As the elderly continue to suffer the effects of loneliness, the youth too have lost important facets of childhood development and education.

According to UNESCO, a total of 1.725 billion students globally have been affected by the closure of schools and higher education institutions in response to the pandemic. It is understood that 192 countries have implemented nationwide closures, affecting about 99 percent of the world’s student population. Not only have curricula been limited and exams results standardized and based on averages, in-person instruction and tutoring has been replaced by remote learning. For children from deprived backgrounds, schools offered an escape and a safe environment in which to thrive.

Restricted to learning from home, many students have had their learning severely disrupted and in some cases stopped altogether. Kinaesthetic learning, the all-important learning style in which education takes place by students carrying out physical activities rather than listening to lectures or watching demonstrations, has been most affected. Only time will tell what impact the sustained absence of human interaction and group activity has upon a generation of young people already distracted from their studies by online diversions.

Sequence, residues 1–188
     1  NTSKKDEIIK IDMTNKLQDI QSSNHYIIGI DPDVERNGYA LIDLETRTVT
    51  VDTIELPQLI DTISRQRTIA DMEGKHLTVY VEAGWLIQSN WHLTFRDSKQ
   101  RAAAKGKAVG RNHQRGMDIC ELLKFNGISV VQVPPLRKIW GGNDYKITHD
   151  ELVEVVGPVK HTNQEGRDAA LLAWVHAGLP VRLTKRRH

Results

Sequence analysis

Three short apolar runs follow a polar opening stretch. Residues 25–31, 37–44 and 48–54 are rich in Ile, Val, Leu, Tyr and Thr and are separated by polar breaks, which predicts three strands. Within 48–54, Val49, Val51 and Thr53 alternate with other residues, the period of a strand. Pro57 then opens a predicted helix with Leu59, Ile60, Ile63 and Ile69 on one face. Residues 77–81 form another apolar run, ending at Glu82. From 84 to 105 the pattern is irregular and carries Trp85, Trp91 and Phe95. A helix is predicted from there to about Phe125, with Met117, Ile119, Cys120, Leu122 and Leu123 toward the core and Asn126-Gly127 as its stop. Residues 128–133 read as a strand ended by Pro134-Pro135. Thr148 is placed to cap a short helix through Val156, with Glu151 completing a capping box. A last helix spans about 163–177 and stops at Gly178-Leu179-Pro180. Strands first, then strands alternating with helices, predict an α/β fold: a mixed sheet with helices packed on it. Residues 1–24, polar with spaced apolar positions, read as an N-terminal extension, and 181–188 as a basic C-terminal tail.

Many in the West had looked forward to the brief respite of the winter holiday season to reconnect with family members and friends from whom they have been separated for months. However, the recent announcement by the UK government echoes moves made internationally by governments eager to reduce the rate of infections. With public acquiescence and indeed acceptance of government policies beginning to wane, it is unclear how long lockdowns can remain in place. What is clear, however, is that the mental and physical effects of the past year will remain for far longer.

• Zaid M. Belbagi is a political commentator, and an adviser to private clients between London and the Gulf Cooperation Council (GCC). Twitter: @Moulay_Zaid